A question regarding a law enforcement policy of “stop-and-frisk” during New York City’s second mayoral debate Tuesday led GOP candidate Curtis Sliwa to doubt Democratic nominee and former NYPD captain Eric Adams’ policies of getting tougher on crime after he says he met with “top gang members.”
When the ABC-7 moderator asked both candidates about the controversial policy, which was ruled unconstitutional during then-Mayor Michael Bloomberg’s term, Sliwa, who founded the street patrol group Guardian Angels, pressed Adams about his alleged meetings with gang members who have killed several people, the New York Post reported.
“It’s amazing that my opponent, Eric Adams, just this morning on ‘The Breakfast Club,’ said that he had met with gang leaders ‘with bodies.’ That means gang leaders who killed and gang leaders who kill awaiting trial. Did you stop, question, and frisk them? Do you report that to the police?” Sliwa demanded to know.
“Can you tell us who those gang leaders were, and where you met with them and which gangs? I think the public has a right to know from someone who declares himself to be the law-and-order candidate. Do you do that, Eric?” Sliwa continued.
The leader of the crime-fighting group was referencing an interview Adams did Tuesday morning with the popular NYC-based radio show when he said he spoke with gang members he wants to “collaborate” with.
“I met with some of the top gang members. Some of them had bodies. Some of them have cases for bodies,” Adams told “The Breakfast Club” hosts. “And I sat down with them to say, ‘Listen, we have to deal with ending this violence in our city.’ And I want to continue to collaborate with them, [and] crisis management teams and others who are doing amazing jobs to stem the violence in our city.”
Adams did not respond directly to Sliwa, but rather repeated talking points he used during their first debate, going on to accuse Sliwa of “faking crimes.” Adams also said he has tried to convince members of gangs to leave their lifestyles and put crime behind them.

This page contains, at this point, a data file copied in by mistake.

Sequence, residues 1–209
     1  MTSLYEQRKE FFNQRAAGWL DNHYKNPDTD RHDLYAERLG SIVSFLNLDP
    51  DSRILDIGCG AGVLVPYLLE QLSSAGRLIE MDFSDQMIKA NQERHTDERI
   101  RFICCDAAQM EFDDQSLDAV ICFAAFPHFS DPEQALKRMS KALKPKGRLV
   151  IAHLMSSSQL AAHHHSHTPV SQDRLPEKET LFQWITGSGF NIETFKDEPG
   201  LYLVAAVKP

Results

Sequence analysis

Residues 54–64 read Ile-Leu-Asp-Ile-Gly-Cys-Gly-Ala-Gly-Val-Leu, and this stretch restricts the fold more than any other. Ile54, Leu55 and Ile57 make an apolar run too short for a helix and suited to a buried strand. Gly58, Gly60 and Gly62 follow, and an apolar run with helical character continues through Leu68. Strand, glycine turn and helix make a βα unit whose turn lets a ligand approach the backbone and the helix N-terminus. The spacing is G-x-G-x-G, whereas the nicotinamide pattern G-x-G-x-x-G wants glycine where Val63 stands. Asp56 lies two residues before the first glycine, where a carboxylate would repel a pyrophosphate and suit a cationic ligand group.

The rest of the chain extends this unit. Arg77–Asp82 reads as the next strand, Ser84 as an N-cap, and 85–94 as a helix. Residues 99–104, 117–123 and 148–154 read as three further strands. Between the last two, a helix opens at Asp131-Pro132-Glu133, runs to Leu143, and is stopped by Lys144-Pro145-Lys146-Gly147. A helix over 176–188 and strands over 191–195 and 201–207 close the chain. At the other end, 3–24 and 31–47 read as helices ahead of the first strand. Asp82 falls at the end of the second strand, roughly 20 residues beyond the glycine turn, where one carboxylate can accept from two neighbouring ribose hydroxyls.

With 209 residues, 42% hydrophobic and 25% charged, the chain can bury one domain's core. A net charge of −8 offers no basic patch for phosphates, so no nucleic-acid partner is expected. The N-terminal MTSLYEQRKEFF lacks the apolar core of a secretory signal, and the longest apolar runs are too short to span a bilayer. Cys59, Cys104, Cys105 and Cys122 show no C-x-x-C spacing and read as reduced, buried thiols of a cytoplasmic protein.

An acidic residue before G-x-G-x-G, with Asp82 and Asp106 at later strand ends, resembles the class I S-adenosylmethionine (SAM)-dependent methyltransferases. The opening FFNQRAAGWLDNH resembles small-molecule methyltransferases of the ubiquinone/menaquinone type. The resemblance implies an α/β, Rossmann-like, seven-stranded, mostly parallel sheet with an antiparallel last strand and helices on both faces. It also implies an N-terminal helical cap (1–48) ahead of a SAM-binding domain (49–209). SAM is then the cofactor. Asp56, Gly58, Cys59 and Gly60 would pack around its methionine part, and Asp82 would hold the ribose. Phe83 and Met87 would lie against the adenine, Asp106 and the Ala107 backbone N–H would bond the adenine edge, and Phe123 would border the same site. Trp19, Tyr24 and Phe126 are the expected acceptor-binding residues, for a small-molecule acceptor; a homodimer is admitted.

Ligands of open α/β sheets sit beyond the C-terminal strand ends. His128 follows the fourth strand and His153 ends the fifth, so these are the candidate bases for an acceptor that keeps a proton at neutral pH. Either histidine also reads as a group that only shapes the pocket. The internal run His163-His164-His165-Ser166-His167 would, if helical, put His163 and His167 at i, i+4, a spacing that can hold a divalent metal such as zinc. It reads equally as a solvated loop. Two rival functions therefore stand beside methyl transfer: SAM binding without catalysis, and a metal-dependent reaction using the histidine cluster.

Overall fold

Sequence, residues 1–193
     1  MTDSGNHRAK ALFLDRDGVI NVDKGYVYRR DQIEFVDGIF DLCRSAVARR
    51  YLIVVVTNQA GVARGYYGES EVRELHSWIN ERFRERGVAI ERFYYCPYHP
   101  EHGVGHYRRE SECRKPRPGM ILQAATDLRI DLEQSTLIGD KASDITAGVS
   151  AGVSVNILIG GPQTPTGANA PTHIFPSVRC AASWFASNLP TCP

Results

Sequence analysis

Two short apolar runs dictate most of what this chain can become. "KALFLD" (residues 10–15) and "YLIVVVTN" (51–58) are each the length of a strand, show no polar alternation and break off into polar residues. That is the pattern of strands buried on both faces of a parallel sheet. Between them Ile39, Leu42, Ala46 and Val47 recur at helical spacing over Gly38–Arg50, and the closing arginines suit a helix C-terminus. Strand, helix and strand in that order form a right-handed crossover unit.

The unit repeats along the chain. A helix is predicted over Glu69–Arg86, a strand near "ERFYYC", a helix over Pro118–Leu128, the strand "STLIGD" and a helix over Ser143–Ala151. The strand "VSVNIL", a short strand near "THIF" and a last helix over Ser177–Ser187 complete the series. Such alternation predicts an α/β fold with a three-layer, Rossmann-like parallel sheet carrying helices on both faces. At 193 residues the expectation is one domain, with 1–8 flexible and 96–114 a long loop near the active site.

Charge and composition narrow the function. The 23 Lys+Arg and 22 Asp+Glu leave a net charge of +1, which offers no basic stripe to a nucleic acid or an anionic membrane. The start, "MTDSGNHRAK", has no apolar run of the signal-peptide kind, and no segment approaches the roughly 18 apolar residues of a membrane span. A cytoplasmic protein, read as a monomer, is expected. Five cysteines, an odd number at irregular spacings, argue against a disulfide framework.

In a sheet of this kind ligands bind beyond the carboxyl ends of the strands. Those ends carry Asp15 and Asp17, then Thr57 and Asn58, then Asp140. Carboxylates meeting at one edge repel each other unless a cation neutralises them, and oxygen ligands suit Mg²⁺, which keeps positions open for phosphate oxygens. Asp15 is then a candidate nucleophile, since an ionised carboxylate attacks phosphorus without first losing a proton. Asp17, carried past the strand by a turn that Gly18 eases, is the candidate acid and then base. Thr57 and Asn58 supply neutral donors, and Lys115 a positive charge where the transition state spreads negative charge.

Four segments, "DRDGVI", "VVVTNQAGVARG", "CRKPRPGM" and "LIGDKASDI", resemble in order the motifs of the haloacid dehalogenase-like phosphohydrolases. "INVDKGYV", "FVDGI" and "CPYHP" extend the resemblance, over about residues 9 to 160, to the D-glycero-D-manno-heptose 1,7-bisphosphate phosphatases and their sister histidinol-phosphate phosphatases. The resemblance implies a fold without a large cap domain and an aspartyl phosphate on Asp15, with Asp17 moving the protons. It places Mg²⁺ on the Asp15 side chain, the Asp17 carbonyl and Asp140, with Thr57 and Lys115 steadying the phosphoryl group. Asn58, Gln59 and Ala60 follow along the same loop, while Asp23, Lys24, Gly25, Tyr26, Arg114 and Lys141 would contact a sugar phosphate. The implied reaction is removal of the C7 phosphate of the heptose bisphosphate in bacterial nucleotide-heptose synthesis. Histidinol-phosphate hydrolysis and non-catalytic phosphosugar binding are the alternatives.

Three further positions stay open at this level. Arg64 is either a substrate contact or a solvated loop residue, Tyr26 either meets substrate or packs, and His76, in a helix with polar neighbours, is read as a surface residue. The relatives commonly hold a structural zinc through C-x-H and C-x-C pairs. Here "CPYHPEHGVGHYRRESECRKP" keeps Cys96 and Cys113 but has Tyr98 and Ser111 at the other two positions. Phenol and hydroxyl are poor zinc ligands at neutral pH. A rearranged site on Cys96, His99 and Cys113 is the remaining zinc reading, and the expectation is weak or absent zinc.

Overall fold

“While I was protecting people in this city, this candidate on the other side was faking crimes,” Adams responded. “Here’s what I’m doing. Public safety is intervention and prevention. Intervention is right now. I’m speaking to those who have committed crimes to get them out of gangs.
“You could find and learn so much [from] those who commit crimes,” Adams, the favorite in the mayoral race, continued. “It’s time for us to find out what is causing the violence, as well as being intervention and addressing violence right now.
“I have a comprehensive plan that I discuss on addressing the violence and how we are going to target those gang members who are using guns,” he added.
In July, Adams blasted then-Democratic Gov. Andrew Cuomo over an executive order he issued to address gun violence without also addressing the rising criminal activities of gangs in the city.
My first question is, what took so long? And why has it taken us so long? We’re watching these babies die, year after year after year,” Adams said on CBS. “No one seems to care.”
Cuomo’s order declared gun violence a “disaster emergency.”
During his campaign, Adams has pushed a pro-police platform, pledging that he would reinstate a plainclothes unit disbanded under current Democratic Mayor Bill de Blasio last summer. He also said he would carry a firearm himself if elected.
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